ACA MEMBER BLOGS

Blogs written by and for ACA Members.

Find our member blogs by member name here!

Aug 05, 2013

Too Young to be your counselor

Tuesday was the last day of my practicum. I couldn’t believe it was over! Time had flown by and I had spent 400 hours between counseling clients, researching, reading, and discussing cases. Right after I left my site, I met with my individual supervisor at my school to discuss my experience. One of the questions she invited me to reflect on was the highs and lows of my practicum. After mentioning a few highs and lows she asked me, “What about the woman who said you were too young to be her counselor?” I had completely suppressed that incident from my memory.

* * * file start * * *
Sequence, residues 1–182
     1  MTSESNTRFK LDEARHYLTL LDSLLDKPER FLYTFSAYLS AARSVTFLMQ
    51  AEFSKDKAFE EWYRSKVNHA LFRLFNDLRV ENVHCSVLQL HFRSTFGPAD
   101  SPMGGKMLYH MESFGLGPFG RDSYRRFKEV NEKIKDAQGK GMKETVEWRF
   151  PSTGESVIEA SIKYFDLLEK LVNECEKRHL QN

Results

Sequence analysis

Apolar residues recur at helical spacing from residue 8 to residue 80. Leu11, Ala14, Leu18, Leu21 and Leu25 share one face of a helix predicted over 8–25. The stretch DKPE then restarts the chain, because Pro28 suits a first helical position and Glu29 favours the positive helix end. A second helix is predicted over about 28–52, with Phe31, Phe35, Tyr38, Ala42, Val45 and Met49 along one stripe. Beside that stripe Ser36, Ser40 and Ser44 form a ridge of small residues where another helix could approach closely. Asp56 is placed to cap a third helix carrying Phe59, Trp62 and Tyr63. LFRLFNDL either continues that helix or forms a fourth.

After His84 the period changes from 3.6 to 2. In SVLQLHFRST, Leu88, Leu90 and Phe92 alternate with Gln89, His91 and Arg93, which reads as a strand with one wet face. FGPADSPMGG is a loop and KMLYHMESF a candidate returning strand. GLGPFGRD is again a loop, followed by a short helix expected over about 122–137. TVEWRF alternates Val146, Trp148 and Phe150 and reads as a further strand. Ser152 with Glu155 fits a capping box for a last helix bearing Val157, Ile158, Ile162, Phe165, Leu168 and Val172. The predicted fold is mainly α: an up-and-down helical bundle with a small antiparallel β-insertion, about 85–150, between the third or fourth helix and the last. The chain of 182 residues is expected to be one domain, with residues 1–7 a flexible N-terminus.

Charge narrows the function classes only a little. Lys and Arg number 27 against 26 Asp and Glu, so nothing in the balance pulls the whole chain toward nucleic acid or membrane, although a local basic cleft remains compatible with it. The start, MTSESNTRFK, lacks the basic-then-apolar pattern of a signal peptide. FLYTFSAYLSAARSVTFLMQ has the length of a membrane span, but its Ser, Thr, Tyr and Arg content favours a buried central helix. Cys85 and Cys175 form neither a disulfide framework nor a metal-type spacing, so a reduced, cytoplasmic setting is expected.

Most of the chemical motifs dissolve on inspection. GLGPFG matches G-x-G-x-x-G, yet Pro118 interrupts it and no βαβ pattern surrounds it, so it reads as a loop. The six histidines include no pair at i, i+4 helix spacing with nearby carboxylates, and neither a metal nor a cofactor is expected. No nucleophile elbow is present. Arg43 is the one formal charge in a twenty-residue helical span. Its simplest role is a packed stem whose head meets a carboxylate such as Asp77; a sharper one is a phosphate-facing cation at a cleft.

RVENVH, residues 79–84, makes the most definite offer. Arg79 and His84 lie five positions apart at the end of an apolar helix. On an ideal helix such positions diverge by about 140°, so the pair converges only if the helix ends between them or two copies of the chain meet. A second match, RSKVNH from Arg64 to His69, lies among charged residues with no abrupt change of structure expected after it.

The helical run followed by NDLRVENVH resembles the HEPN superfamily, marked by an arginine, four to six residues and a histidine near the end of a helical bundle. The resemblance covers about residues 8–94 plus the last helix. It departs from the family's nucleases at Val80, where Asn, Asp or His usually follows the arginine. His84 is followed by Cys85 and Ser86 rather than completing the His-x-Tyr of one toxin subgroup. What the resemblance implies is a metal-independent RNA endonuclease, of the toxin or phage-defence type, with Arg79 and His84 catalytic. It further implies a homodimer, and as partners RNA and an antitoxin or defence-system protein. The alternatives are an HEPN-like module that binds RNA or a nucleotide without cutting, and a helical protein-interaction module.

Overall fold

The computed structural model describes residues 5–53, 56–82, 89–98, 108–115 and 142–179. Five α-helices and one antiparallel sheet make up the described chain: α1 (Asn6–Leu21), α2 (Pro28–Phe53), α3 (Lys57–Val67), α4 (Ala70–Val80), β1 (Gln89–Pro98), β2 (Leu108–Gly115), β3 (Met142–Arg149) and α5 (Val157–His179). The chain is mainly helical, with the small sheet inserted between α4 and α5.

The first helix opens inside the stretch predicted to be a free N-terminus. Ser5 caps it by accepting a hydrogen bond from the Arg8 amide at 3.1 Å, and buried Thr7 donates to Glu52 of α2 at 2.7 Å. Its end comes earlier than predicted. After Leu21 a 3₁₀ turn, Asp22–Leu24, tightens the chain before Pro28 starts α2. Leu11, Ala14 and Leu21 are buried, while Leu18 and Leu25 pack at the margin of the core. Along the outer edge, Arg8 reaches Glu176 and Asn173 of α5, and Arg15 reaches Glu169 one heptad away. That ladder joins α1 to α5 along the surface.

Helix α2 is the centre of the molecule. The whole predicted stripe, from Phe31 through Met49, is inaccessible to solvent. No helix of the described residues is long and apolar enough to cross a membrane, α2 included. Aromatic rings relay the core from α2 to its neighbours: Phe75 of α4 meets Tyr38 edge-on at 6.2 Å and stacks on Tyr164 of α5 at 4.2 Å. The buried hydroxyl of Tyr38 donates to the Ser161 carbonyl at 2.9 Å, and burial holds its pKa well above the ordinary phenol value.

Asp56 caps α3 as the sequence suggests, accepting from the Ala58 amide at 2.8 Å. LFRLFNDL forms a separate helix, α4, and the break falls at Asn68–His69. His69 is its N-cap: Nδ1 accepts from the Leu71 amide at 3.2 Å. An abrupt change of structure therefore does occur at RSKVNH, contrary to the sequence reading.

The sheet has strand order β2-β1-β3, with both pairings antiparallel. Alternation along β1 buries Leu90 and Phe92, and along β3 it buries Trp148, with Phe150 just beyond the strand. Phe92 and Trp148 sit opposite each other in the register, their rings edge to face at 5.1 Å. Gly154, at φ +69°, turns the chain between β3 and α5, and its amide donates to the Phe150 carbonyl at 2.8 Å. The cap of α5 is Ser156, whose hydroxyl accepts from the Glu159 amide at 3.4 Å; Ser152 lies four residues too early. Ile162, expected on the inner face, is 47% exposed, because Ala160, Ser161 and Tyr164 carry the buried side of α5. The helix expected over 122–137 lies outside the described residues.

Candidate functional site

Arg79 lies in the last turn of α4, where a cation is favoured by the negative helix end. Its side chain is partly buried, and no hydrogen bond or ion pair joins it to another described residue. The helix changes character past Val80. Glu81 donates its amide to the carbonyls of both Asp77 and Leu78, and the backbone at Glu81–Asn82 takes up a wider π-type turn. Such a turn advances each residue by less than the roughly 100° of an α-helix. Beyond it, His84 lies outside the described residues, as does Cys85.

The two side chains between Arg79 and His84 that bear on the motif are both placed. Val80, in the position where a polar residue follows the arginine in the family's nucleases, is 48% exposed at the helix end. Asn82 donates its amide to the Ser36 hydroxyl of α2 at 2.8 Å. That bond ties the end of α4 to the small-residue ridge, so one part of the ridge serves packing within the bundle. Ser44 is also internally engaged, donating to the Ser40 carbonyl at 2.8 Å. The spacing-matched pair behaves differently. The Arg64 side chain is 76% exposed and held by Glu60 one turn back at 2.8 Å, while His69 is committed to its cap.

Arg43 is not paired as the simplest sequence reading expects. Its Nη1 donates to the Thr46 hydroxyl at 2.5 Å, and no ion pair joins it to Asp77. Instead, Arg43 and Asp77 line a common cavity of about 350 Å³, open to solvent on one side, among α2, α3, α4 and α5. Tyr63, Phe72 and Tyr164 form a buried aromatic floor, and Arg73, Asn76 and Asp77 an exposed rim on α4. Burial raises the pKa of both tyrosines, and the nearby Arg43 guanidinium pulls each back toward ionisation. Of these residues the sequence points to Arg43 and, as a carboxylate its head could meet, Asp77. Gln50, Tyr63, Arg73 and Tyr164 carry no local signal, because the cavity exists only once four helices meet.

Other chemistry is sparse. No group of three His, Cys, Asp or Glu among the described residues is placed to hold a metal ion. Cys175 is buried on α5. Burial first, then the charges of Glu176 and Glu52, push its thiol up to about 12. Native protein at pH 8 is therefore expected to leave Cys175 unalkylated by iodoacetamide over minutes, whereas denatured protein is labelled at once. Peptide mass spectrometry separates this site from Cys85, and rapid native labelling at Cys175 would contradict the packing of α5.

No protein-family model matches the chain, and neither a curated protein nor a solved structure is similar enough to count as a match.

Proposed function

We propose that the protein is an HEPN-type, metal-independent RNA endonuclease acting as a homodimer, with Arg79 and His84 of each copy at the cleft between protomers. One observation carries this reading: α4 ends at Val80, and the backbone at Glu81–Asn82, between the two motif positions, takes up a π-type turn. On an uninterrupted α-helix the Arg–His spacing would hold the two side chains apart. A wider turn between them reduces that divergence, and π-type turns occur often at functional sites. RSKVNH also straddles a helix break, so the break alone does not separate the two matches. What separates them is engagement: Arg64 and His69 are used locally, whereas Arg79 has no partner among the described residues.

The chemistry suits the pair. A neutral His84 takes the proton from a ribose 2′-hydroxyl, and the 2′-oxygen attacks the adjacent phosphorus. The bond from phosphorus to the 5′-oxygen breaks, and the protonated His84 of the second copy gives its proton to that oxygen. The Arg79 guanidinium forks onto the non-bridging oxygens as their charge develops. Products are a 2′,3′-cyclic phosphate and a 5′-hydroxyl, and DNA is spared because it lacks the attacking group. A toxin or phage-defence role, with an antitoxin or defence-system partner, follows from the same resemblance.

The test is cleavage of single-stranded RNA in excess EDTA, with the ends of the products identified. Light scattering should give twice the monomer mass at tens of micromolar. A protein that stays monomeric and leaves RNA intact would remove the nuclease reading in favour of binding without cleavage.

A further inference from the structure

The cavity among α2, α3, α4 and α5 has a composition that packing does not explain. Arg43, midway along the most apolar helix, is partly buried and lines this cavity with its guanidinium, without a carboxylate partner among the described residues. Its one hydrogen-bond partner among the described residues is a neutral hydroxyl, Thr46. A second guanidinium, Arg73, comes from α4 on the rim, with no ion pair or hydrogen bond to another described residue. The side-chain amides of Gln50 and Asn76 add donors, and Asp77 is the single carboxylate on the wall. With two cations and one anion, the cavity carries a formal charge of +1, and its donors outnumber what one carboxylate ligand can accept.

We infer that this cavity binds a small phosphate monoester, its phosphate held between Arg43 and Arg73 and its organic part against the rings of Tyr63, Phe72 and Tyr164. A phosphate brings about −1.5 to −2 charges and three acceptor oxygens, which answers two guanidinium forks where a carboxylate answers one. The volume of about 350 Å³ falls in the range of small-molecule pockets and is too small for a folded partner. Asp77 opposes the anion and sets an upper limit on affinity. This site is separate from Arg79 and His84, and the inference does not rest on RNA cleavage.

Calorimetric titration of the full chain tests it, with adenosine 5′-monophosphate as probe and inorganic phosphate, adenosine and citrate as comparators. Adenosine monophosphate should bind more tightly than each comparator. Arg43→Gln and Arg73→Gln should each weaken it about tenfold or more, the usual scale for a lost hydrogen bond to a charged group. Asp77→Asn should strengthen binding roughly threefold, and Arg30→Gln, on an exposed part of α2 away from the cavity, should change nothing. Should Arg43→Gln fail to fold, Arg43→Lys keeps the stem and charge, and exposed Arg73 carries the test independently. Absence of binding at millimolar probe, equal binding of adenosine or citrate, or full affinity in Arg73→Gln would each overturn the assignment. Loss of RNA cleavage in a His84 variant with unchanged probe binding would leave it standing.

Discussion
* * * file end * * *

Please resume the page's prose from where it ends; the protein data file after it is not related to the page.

A few weeks into my practicum a woman about fifty years old told me in the middle of our first session that I was too young to be her counselor. I was both shocked and disappointed because she had expressed having felt really comfortable with me during the intake assessment and I had felt a connection with her during the first half of our session. Suddenly, she was telling me that she didn’t want me to take it personal but her problems were related to her age and she wanted to see someone older. I reflected, “You think I’m too young to understand you” and added, “.. but I understand, these sessions are about you, and I want you to feel comfortable and get the most out of them so I will check if a therapist your age is available to see you”